Guillermo José Mañón Garibay is a researcher and professor at the National Autonomous University of Mexico, a century-old university with a UNESCO-inscribed campus that boasts murals by Diego Rivera and David Alfaro Siqueiros. The professor has been with the Mexico City-based school for nearly two decades, and he recently made a strong argument for ending cannabis prohibition in the Mexican Law Review. His argument tackled issues like the limits of personal freedom, the definition of health, the double standard in regulating alcohol, and the government's duty to encourage "the social good." The professor admits he views cannabis as potentially harmful, but he questions how society should respond to these potential risks.
Mexico's National Supreme Court of Justice essentially declared cannabis prohibition unconstitutional in November 2015. Regarding this move, Garibay argues, "The Supreme Court's main concern was not to decide whether or not marijuana is harmful to health, whether it has proven therapeutic uses, or whether it constitutes an acceptable recreational form, but whether the State has the right to interfere in the private life of every Mexican. This issue is relevant from the very moment freedom is a human right, recognized in the first article of our constitution."
PRØHBTD made a similar argument last year, calling prohibition an affront to the rights of life, liberty and the pursuit of happiness. The professor acknowledged that few human rights are absolute (the exceptions being prohibitions on the right to torture, slavery, discrimination, etc.), so he looked at legal and philosophical arguments about freedom. This includes differences between private acts and public ones that might affect third parties, the paradox between private and public interests and a discussion of Sigmund Freud's idea that happiness consists "in procuring pleasure and avoiding pain."
The entire editorial is deep, insightful and worth a read, but the professor ultimately concludes, "The paradox of freedom consists in being able to do everything that pleases the individual, including what hurts him, but without affecting third parties…. Personal happiness never matches social needs and interests, hence the discrepancy between personal obligations and desires. Consequently, there will always be tension between the individual and society, and the resulting malaise will be mitigated by the announcement or decriminalization of the use of drugs, alcohol or other substances, as well as activities that do not contribute to the individual's 'health,' but to mitigate pain or social unrest."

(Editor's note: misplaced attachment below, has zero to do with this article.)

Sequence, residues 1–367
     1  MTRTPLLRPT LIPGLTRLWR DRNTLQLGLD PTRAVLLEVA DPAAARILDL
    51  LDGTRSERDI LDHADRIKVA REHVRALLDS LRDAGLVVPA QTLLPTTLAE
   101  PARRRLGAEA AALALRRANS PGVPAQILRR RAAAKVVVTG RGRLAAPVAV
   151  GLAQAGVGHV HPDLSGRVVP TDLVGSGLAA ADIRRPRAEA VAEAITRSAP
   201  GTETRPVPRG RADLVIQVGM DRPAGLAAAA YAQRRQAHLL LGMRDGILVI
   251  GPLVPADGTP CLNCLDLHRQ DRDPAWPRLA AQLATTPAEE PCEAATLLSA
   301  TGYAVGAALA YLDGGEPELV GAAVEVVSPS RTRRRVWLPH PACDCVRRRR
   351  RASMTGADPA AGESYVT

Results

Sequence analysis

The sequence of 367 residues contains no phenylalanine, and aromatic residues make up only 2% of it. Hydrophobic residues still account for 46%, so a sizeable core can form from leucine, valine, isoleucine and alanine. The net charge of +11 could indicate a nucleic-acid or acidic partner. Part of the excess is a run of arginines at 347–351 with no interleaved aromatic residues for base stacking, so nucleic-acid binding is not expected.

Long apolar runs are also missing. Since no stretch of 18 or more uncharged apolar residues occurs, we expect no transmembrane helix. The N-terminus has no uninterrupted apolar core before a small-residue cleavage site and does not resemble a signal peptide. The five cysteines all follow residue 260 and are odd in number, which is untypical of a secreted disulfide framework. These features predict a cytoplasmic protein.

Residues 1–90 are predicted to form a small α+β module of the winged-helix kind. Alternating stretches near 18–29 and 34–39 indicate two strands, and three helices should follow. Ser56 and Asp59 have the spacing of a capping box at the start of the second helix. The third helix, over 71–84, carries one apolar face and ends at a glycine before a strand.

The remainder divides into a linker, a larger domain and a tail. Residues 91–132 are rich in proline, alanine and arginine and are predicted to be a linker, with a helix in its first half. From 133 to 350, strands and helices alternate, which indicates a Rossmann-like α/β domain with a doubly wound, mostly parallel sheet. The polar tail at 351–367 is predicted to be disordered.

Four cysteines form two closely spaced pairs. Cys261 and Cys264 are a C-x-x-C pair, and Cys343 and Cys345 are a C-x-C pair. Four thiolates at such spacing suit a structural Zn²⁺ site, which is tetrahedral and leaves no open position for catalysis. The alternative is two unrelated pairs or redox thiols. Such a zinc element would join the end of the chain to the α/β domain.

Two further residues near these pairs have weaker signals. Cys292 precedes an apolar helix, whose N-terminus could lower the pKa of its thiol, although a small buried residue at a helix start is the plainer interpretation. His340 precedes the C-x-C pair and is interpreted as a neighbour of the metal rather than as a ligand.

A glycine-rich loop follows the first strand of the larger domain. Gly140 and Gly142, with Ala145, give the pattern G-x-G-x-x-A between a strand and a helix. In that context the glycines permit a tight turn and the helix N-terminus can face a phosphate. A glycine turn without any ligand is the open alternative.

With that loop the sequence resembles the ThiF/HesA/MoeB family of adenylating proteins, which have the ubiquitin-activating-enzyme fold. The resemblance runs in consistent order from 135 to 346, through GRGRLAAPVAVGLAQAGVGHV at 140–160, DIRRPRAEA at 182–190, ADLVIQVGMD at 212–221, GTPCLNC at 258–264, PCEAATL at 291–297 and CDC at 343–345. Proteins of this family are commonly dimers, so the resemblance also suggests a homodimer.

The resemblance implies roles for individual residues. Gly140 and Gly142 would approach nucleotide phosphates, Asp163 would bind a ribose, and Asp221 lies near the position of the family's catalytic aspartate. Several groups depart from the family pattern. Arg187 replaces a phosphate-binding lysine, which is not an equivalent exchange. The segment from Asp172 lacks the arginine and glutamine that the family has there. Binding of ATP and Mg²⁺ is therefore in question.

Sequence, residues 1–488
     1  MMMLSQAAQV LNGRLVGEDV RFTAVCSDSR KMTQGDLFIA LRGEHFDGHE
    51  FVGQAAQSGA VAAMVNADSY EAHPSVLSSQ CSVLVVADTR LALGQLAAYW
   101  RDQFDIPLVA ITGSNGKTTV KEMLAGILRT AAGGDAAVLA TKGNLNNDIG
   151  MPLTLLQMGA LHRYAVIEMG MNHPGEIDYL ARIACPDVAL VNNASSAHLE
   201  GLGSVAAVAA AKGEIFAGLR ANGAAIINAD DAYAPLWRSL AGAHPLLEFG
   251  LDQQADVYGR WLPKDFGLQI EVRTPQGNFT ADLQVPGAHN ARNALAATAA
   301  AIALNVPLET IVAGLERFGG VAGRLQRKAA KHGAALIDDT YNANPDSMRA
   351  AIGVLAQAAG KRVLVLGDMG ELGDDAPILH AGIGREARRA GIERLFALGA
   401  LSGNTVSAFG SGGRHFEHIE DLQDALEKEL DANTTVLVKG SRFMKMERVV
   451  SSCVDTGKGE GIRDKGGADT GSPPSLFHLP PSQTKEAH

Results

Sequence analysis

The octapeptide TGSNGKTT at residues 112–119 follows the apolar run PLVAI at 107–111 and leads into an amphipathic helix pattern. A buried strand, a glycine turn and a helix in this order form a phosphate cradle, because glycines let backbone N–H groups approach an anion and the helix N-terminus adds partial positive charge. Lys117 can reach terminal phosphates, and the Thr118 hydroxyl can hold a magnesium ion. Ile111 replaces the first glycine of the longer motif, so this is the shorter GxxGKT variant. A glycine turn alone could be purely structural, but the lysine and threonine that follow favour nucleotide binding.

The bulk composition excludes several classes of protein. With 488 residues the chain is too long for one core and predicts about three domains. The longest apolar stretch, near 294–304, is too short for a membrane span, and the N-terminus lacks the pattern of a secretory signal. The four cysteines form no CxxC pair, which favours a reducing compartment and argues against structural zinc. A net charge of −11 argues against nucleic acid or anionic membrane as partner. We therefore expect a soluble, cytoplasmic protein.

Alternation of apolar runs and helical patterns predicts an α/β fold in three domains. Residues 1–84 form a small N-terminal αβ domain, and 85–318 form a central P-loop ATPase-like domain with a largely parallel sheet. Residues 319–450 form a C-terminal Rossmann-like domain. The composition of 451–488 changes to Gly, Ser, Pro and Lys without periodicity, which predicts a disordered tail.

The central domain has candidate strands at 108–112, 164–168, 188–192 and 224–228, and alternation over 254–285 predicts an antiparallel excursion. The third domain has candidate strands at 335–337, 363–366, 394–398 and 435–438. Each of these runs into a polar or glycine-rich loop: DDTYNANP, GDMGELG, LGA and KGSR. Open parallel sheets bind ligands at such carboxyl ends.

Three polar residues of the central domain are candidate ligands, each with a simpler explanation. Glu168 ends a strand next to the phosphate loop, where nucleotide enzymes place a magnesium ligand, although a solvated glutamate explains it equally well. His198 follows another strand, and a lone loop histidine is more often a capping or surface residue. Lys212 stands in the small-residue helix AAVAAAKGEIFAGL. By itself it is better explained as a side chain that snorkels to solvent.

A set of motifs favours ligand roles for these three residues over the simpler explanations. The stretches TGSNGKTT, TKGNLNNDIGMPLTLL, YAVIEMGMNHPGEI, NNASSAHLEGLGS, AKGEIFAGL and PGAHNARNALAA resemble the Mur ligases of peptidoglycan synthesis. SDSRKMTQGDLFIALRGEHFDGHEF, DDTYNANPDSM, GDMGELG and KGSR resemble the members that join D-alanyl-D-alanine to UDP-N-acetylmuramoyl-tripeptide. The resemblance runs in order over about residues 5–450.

The professor believes cannabis can be harmful to one's health, but he states, "We cannot ignore the discomfort caused by social life, due to the demands on public duty at the expense of private interests. This results in a tension between the individual and society that is only mitigated by tolerance for drug abuse, alcohol or permission of 'red zones,' because only in this way are social conflicts dissipated."
He adds, "Therefore, permissibility of marihuana should not be decided for the good it does, but for the evil it avoids. This seems to be a point that escapes the analysis of doctors and legislators…. The consumption of marijuana, although it does not seek medical welfare, reduces social tensions and conflicts, and this justifies its decriminalization by the State."
Garibay's conclusion is interesting for a major reason: While others argue for the good legalization will bring, he emphasizes the evil that prohibition fosters in society as a whole. This includes the perpetuation of social conflict, discomfort and personal pain that legalization can help abate.
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